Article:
3. Shri S. Ramachandran, Office Assistant of the appellant firm has appeared on behalf of the appellant and has reiterated the facts. He has pleaded that the vessel had met an accident and a collision had taken place on the 16th April, 1979 with other vessel and the material was brought to the Calcutta port by a sister vessel. Sea water had entered into the vessel and the material was damaged and the same stands confirmed as per Steamer Agent's letter dated 6th June, 1979. He has further pleaded that as soon as the goods were found to be damaged, the appellant had duly applied for survey and survey report also confirmed the same. He has also stated that the damage was not recorded on the bill of entry by the appraiser and the appellant was advised that the same is to be done after the chemical report. It has been further pleaded that the appellant's refund amount is Rs. 99,827.42.

The payment was made on the 10th July, 1979 and the refund application was filed on 19th September, 1979 i.e. within six months. The learned authorised representative has stated that there is no fault on the part of the appellant in any way. The appraiser on duty should have recorded the same. He had also submitted that the damage was duly proved before taking of the delivery and the survey was conducted before delivery.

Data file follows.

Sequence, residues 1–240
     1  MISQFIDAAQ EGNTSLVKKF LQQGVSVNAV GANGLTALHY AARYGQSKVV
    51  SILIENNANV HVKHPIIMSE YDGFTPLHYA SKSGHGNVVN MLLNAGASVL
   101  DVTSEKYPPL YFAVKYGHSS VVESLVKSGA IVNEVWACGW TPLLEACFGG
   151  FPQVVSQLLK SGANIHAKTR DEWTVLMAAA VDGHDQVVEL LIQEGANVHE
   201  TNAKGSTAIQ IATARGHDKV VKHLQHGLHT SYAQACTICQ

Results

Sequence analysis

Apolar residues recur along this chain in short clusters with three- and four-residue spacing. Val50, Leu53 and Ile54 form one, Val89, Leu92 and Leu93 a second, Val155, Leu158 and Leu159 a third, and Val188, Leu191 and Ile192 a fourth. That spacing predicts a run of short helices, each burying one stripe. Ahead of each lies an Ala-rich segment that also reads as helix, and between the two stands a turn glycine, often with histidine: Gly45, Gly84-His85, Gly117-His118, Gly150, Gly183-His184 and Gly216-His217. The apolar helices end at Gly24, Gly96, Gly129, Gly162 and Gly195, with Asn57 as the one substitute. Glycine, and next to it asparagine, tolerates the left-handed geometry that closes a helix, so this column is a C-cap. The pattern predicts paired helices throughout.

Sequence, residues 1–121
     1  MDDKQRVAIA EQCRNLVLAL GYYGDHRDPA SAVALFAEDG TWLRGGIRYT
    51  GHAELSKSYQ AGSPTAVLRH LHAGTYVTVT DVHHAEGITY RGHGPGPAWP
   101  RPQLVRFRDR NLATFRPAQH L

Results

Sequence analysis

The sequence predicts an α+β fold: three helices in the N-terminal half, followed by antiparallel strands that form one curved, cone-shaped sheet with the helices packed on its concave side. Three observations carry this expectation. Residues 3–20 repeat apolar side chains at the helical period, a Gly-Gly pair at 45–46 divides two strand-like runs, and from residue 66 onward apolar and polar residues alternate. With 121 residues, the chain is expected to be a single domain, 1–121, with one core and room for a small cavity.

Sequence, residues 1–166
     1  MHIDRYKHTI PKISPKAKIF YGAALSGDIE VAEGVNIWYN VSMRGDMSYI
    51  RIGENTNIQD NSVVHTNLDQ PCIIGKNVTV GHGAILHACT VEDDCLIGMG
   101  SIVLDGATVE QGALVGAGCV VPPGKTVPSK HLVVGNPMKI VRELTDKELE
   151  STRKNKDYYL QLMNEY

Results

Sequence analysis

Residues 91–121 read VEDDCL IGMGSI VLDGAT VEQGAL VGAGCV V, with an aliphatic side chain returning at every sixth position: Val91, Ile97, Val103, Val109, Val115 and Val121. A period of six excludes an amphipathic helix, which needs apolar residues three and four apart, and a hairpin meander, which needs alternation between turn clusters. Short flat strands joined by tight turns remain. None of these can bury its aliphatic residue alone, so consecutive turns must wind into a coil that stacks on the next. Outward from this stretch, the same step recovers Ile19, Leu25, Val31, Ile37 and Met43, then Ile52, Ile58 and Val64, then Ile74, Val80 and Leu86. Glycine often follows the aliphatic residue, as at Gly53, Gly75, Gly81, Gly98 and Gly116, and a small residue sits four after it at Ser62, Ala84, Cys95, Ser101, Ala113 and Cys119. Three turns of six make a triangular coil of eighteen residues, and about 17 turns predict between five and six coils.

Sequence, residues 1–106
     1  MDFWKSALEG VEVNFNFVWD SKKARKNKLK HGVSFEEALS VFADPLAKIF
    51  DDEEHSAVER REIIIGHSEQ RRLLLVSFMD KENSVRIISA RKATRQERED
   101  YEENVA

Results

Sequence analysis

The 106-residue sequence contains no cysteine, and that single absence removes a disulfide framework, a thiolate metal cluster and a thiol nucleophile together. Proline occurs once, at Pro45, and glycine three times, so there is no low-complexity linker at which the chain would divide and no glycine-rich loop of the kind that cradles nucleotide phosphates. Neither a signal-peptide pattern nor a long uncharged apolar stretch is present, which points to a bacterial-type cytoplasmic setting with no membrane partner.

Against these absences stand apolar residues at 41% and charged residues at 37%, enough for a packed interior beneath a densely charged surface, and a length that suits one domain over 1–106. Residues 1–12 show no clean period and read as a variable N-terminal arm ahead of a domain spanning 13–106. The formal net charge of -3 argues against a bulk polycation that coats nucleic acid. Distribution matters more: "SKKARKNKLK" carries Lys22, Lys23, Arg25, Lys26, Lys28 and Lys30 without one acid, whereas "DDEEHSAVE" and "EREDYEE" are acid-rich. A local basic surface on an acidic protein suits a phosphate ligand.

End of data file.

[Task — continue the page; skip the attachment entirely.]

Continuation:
The delivery was taken on 7th September, 1979. He has referred to clause (a) of subsection (1) of Section 22 of the Customs Act, 1962.

The learned authorised representative has pleaded that in this case, there should be abatement of duty as the goods were in the custody of the steamer agents and there is no negligence on the part of the appellant. He has referred to Port Trust Certificate which confirms that five cases were landed in B.K. condition and one case in T.R., two remaining cases though sharing no outward sign of damage were also found with damaged contents. Shri Ramachandran, the learned authorised representative has requested for the acceptance of the appeal.